Published on 27th Feb, 2013 in Marketing
Lessons in Leadership from Columbia University’s Dr. Hitendra Wadhwa
Wadhwa, Hitendra. “Lessons in Leadership: How Lincoln Became America’s Greatest President.” Inc.com.
Post written by Paula Gean. What’s the coolest part about working at the Marketing Zen Group? Aside from staying on the cutting edge of web marketing, we get to use that knowledge to work with some of the coolest clients out there. One such client is The Institute for Personal Leadership. In their most recent webinar, The Power of Paradox, Dr. Wadhwa briefly explains how extraordinary leaders unlock their full potential. Both in the digital world and the real world, leadership is essential to society. So, what does good leadership encompass?
Who is better in leadership roles: Introverts or extroverts?
Extroverts relish social settings, enjoy conversing with strangers, and don’t shirk attention. Yet, these same desirable traits can also be detrimental. If someone is always speaking, they’re not listening. If a person is seeking to be social, they’re missing the opportunity for vital one-on-one conversations. If someone is always the center of attention, they have little time to decompress and recoup. So if extroverts aren’t better leaders then introverts must be, right? False. In fact, it’s neither personality type alone; it’s a combination of the two that make the ideal leader. Ambiverts, a combination personality of extrovert and introvert, are social yet know when to hold back, are at ease in large groups or alone, and can be charming without being overbearing. If you find yourself constantly dominating a chat room, boardroom or even the family room, you may want to start interjecting less and listening more.
Coping with death: Is it better to experience the stages of grief or try to be upbeat?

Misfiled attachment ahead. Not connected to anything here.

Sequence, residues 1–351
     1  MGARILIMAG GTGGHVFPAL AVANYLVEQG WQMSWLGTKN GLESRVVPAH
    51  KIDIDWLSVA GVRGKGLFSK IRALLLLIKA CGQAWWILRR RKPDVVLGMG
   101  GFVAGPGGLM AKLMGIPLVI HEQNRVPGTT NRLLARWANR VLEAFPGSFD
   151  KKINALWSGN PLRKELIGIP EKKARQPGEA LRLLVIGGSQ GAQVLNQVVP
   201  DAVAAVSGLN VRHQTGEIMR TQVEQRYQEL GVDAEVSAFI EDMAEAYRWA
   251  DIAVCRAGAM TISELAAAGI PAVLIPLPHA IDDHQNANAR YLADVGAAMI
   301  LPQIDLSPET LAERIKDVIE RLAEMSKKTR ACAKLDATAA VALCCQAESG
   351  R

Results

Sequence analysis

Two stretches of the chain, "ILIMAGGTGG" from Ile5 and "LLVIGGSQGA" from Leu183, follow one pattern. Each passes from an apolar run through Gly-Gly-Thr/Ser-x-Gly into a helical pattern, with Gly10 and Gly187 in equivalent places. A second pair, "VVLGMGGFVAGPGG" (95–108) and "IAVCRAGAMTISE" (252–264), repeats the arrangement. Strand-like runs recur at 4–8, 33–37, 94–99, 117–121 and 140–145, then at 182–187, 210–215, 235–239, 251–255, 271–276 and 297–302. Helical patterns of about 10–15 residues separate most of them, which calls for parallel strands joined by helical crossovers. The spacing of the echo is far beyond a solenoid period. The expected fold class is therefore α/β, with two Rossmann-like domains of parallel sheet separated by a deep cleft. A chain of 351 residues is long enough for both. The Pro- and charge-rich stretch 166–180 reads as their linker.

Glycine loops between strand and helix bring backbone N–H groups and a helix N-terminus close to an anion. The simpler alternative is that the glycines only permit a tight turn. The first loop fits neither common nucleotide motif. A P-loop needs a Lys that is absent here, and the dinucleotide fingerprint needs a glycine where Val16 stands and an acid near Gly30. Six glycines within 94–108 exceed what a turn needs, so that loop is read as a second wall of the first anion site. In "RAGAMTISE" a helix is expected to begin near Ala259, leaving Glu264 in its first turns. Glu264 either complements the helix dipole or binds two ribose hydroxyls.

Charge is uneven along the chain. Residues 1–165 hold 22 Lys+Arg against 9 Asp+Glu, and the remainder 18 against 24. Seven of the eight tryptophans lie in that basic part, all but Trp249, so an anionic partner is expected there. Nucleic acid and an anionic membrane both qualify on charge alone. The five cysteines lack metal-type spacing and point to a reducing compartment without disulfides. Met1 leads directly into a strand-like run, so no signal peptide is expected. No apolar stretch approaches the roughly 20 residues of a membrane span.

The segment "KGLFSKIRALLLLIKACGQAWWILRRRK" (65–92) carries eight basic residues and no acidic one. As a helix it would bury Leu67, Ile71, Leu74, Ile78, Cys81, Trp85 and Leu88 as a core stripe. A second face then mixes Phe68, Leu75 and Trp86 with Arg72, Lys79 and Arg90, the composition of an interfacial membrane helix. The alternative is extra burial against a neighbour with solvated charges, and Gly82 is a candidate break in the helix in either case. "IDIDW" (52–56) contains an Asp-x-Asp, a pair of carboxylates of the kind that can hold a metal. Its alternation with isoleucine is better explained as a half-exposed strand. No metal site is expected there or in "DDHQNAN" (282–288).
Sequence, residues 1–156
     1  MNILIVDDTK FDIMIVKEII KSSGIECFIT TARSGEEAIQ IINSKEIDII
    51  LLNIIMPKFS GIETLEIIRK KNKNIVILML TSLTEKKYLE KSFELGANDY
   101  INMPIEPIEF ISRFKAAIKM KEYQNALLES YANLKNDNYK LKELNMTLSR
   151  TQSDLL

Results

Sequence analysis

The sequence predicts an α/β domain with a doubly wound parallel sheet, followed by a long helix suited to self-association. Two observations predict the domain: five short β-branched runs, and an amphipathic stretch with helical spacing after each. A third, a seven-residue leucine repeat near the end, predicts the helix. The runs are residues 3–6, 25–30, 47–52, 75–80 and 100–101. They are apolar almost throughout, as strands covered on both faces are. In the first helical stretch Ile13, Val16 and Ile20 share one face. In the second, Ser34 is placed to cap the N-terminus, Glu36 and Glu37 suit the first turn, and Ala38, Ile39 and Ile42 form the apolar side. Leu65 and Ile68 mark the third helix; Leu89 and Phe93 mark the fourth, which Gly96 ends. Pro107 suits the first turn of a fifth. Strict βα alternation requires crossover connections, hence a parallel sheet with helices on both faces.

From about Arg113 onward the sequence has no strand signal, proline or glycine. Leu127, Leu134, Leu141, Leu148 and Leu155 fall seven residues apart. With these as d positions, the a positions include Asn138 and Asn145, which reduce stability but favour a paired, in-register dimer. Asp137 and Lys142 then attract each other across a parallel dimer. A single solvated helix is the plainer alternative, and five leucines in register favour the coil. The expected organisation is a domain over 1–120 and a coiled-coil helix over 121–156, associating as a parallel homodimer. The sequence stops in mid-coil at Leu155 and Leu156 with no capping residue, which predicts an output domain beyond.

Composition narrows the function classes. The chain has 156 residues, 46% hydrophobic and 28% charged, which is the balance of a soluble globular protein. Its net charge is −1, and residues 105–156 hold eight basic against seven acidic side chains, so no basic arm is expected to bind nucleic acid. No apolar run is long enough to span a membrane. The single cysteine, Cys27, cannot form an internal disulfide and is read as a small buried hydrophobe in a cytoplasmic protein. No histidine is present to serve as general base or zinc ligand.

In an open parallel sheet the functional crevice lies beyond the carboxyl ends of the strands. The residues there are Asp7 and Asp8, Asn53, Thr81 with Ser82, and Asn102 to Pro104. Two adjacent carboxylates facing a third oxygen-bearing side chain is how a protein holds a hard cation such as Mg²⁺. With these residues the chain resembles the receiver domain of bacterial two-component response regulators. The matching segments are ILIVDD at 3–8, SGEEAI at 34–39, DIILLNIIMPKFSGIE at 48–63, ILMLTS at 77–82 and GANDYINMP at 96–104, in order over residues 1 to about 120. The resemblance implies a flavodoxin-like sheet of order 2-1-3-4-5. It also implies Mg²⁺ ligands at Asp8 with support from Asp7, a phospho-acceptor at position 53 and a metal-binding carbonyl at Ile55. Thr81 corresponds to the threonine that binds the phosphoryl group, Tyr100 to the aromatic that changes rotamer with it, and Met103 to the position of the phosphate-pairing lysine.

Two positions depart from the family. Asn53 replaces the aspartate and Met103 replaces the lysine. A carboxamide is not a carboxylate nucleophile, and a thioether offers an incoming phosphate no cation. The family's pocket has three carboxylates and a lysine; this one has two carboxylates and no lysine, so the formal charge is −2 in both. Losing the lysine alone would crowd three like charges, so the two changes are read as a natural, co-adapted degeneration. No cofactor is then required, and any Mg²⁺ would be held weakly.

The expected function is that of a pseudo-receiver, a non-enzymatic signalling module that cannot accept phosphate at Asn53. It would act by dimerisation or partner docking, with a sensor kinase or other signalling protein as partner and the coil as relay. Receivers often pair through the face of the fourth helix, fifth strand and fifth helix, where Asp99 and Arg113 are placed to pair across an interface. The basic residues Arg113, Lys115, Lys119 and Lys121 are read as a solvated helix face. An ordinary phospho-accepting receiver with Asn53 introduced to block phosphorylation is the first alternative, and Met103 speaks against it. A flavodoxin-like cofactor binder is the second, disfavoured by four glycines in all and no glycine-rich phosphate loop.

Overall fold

Leaders are exposed to a multitude of circumstances that affect their emotions. Some leaders are even tried during times of great personal loss. People handle grief differently; while some experience a gamut of emotions – denial, anger, bargaining, depression and acceptance – others try to maintain upbeat outlooks. Which coping mechanism should leaders choose? Actually, both are acceptable forms. The answer to “how one should cope” is as unique as the person experiencing it. Dr. Wadhwa does point out that what’s most important is to not have a polarizing sentiment. It is important to neither be too riddled with depression nor too “cheerful” – which might just be masquerading true feelings, anyway. Of course, striking a balance between two polarizing feelings is a challenge. But we transform ourselves into notable leaders if we can learn how to embrace both the sorrow and the “sweet” in life.
Should leaders rule with an iron fist?
Of course not! Good leadership does not rule with absolute power or with closed mindedness. A true leader must be able to place himself in his adversary’s mind. It takes powerful discipline to harness the ability to understand choices from different angles. Only by understanding differing points-of-views can a leader genuinely begin to lead, because once you understand your adversary, you can begin to discuss and forge a path towards resolution with them. For more on the Institute of Personal Leadership, check out their personal leadership website.